This will be boring for those of you who follow along on Twitter, but that’s the way it goes.
This morning I listened for a few minutes as Kiley and Booms broke down (over) the Mike Holmgren press conference and I was left with a few thoughts, namely there was absolutely nothing that Mike Holmgren could have said yesterday for some people. I would love to know what the perfect press conference from Holmgren and Heckert would have sounded like assuming there is one. Sure, I bet the first choice would be for that “cash-checking, money-grubber who pines for his retirement in Seattle” to just not be here anymore, but let’s be adults and just go into it knowing that isn’t an option.
On the wide receivers, Holmgren said that Greg Little was a guy that he thought they could build on. He said that they were going to “add to the pile” or bring in more players. Can’t you just read between the lines with that? They cut Brian Robiskie mid-season. Is that not enough of an admission of guilt on pre-season evaluations of the roster? Holmgren used the wide receiver question to say that the team needed to upgrade at every skill position on offense. What else could you possibly want to hear him say about this horrible offense?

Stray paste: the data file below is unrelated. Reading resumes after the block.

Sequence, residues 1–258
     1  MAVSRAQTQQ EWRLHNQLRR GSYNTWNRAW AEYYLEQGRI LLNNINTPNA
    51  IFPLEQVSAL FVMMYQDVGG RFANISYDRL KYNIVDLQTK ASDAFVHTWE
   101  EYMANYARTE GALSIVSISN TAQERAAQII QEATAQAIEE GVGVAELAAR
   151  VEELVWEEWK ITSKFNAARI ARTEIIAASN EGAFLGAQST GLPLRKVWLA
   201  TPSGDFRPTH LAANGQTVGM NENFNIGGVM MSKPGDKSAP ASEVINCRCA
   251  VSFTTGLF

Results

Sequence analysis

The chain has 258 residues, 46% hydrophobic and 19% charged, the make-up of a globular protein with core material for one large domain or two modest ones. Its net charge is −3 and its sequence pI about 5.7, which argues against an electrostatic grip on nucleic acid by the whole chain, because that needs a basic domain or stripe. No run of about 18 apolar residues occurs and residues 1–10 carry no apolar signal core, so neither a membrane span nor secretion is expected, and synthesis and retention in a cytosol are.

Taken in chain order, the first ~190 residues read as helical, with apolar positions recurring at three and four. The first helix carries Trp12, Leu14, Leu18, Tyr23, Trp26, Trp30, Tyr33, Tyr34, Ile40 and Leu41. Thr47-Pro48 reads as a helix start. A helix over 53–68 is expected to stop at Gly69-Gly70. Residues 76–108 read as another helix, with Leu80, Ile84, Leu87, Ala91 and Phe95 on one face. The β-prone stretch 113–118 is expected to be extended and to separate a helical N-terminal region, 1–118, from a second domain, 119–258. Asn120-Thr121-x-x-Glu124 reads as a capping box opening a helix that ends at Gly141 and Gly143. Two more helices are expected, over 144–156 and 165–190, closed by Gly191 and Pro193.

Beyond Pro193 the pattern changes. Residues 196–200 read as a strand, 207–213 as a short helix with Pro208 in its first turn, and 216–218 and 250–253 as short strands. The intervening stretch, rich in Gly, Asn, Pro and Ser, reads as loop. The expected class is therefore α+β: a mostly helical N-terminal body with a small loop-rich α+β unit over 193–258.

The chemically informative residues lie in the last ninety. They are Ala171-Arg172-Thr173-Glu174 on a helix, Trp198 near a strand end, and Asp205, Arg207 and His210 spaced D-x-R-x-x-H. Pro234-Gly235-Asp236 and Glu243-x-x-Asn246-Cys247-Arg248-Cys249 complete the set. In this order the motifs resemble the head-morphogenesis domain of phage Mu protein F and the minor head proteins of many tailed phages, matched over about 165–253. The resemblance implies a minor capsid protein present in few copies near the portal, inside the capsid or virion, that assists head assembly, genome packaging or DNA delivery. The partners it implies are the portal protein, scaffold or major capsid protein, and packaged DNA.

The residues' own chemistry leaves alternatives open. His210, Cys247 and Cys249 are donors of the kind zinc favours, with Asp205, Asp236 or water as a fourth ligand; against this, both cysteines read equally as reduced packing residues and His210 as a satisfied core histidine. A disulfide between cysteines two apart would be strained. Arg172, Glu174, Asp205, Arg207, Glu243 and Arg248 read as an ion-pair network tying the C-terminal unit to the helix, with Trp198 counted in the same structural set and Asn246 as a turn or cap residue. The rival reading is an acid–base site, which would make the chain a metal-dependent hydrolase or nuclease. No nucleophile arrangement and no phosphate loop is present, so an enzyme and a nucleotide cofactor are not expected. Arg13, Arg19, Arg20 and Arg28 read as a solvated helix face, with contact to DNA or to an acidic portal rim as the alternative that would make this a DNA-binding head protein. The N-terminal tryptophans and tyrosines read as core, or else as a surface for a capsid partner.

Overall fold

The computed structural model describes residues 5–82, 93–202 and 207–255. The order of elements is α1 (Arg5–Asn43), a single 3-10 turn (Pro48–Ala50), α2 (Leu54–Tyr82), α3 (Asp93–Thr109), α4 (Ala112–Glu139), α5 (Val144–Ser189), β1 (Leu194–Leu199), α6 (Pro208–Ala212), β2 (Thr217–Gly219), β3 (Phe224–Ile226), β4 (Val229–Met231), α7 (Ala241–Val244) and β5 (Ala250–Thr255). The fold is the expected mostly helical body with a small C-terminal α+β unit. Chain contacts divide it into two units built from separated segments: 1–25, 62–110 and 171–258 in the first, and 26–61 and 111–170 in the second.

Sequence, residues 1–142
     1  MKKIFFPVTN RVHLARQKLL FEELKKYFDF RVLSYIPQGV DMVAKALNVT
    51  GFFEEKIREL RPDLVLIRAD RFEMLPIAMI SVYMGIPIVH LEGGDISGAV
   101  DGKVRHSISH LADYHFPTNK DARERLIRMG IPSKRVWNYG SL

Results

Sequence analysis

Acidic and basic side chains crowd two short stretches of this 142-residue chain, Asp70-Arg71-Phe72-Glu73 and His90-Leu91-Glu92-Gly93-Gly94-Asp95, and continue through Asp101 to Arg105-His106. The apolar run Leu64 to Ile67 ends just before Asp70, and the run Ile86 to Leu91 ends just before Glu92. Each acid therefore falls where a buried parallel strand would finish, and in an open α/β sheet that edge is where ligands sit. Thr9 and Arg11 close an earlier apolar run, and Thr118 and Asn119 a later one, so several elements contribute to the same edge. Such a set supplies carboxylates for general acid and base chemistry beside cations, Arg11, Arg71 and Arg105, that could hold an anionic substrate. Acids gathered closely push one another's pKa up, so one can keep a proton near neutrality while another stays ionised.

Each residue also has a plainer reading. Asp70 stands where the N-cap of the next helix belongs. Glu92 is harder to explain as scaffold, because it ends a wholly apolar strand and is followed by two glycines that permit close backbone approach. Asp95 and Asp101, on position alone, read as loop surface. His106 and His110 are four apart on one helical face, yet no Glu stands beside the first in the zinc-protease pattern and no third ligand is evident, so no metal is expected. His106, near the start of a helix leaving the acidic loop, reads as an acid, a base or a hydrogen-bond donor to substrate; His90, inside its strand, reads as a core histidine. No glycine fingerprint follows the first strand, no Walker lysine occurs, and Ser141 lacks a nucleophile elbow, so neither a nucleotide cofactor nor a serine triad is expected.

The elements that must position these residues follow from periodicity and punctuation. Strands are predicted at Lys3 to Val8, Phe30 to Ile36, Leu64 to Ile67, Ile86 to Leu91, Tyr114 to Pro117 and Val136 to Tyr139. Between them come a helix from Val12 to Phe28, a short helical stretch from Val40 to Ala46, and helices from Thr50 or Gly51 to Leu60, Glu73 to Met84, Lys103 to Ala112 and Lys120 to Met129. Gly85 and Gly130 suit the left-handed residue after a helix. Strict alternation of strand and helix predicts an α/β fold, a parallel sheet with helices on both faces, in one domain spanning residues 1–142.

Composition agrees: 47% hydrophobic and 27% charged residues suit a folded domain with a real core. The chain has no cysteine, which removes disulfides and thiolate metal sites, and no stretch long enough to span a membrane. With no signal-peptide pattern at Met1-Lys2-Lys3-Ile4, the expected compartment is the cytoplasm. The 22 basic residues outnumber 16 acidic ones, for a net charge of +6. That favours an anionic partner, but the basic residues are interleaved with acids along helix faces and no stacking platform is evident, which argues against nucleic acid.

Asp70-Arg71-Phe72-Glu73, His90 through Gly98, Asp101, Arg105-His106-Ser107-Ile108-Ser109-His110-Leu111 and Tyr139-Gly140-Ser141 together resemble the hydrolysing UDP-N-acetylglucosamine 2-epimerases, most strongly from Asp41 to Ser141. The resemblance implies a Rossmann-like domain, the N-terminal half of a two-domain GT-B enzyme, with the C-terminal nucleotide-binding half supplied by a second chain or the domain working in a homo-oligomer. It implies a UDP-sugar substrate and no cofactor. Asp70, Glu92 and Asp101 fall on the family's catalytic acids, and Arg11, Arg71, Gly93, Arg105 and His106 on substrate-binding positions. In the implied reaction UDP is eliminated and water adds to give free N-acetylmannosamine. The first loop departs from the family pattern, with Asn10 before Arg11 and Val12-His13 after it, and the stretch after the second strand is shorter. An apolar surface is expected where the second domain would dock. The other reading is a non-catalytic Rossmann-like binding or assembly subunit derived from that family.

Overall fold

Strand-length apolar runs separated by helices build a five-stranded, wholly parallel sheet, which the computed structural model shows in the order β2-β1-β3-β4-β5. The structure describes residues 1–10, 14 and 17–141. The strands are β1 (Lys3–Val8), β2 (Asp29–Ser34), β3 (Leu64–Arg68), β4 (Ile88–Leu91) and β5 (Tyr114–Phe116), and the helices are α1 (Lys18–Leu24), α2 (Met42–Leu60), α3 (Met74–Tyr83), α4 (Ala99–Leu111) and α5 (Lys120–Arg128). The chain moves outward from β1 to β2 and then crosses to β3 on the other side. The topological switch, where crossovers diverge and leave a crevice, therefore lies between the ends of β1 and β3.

Should Mike Holmgren come out and say, “You know, all these guys, including the ones under contract who need to improve in the off-season if they hope to make it through training camp cuts with us next year? Yeah. They all suck and if we had the chance, we’d replace them all. Mohamed Massaquoi? Total disappointment.”
Would that be the perfect answer for the most negative among us? What purpose would that serve?
As I said yesterday, criticism is an art. It takes creativity and effort to do it effectively and compellingly. Otherwise it is worthless and snide. If your whole point of reference begins and ends with the fact that the Browns don’t win enough games, then I really fail to see any reason to continue to talk about the team throughout the season. We all can see the standings.